How can they get away with this? Who will pay them so much? After all, if I can buy a Chevrolet for $25,000 at one dealer in town, why would I pay $75,000 for the same car somewhere else? Ah, but health care is different. For one thing, you might be sick when you have to find a hospital to care for you, and you might live in Bayonne! Of course, Medicare will only pay what Medicare pays, but if you have most types of commercial insurance (not to mention, of course, if you are uninsured), it is another story. To guard against excessively inflated charges, most insurers have contracts with providers (hospitals, doctors, etc.) that determine how much they will pay for a procedure or treatment of a disease. This saves the insurer money. In addition, in order to encourage you to go somewhere that they have negotiated these lower rates, “in-plan” hospitals, they pay a lower percent of the cost – and you pay more – if you go “out of plan”.

And it is precisely this effort to control costs that many for-profit hospitals (like Bayonne) have turned on its head to generate greater income. They have gone “out of plan” for all health plans. This means that when you show up in their ER, or are admitted, you have a higher co-pay, and co-insurance charge, and the insurer pays them more money. Which is why the insurer doesn’t want you to go there, and you might (once you knew this) not want to go there either. Except, of course, you’re sick, and you live in Bayonne, and it is the closest ER. Talk about gaming the system!

Spending & Coverage (2010)
Total health spending per capita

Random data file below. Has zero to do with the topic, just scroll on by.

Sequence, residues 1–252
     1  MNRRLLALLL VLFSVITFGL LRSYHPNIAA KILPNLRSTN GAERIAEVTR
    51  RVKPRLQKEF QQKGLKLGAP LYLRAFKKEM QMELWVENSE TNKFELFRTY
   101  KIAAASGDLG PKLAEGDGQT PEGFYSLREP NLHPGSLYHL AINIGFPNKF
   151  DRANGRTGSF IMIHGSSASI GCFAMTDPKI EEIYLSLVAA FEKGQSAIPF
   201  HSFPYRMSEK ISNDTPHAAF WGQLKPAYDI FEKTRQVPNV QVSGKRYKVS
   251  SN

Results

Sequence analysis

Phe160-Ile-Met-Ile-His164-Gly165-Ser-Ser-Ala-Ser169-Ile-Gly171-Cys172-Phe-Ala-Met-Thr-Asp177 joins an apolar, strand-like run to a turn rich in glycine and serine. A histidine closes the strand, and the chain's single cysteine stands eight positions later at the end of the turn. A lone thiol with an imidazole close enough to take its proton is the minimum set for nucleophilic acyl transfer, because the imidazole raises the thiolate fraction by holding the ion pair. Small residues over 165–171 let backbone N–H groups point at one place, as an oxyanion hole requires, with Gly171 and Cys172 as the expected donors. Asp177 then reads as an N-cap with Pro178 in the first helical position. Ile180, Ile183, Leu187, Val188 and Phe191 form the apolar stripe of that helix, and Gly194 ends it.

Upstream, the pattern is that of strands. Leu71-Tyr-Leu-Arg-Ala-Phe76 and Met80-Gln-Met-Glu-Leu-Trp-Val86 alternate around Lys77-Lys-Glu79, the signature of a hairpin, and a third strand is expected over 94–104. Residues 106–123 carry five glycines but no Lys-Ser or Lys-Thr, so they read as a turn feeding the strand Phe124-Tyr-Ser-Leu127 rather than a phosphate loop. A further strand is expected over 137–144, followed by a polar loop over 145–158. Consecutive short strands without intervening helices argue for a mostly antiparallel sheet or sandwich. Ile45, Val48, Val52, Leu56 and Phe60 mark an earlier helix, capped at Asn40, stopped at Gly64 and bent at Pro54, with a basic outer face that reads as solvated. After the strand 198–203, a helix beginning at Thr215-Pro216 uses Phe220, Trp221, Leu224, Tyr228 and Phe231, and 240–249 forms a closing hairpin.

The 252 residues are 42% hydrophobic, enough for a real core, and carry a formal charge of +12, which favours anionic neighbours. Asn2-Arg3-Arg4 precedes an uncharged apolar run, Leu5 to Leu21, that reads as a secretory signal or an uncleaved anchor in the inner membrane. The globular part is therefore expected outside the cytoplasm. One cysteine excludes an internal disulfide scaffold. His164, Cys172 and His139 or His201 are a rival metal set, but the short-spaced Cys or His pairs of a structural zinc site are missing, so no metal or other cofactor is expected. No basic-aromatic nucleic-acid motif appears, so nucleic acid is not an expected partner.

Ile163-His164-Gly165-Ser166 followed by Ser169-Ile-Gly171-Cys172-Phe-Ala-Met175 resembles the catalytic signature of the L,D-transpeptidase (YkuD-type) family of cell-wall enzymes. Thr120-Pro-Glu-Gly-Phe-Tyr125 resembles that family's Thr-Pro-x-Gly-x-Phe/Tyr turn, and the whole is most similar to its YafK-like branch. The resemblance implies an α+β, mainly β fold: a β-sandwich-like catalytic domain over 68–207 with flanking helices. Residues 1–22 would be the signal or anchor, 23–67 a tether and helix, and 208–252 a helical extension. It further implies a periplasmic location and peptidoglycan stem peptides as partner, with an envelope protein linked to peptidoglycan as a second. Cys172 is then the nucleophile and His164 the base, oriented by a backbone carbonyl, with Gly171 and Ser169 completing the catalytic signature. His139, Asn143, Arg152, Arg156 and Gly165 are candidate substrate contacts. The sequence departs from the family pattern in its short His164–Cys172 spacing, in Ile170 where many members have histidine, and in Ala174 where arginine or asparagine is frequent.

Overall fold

Government health spending per capita
% uninsured
Health outcomes (2010)
Life expectancy at birth (2011)
81.3 yr.
78.7 yr.
Infant mortality per 1,000 births
Costs per episode (2012)
Doctor’s office visit
Hospital day
Childbirth delivery (normal)
Hip replacement
Heart bypass
Tests (2012)
Abdominal CT scan
Name-brand drugs (30-day prescription, 2012)
Sources: Organisation for Economic Co-operation and Development and International Federation
of Health Plans.
I have implied that much of the reason for the high cost of health care in the US is the high cost of procedures. Frankly, that is true. It is why procedural specialists make so much more than primary care physicians. This is why decreasing the difference in income potential for proceduralists and primary care doctors would be good for everyone and save money: there would be more people doing primary care and less incentive to do unnecessary procedures. Consumers Report, in its July 2013 issue, has an article on the patient-centered medical home (PCMH) movement, which seeks to achieve the “triple aim” of higher quality, greater patient satisfaction, and lower cost. The article, “A doctor’s office that’s all about you”, also addresses the high cost of care in the US, comparing it specifically to France, which spends 11.6% of its GDP on health care and  “is generally acknowledged as having one of the world’s best health care systems.” Needless to say, the comparison is not flattering to the US, which spends 17.6% of GDP on health care.

Richard Wender, MD, a leader in US family medicine, commenting on the “Colonoscopies” article, says “Using health care as a driver of corporate economics as opposed to a public good is the fundamental cause of our medical inflation.” Lee Green, MD, an American who is now a family medicine leader in Canada, adds “Having practiced most of my career in the US, and now practicing in Canada, the contrast is quite evident. The US health care system is not designed to get you the care you need, it is designed to get you the care that someone can make a profit giving you. If you're poor and uninsured, that's none - no matter how much you need it. If you're well-insured, it's a lot - including quite a bit you don't need, and even some that is harmful.”

This is crazy. We know the problem, and we know the solutions. All we need is the will to implement them. Maybe this continued exposure will generate it. We can hope so.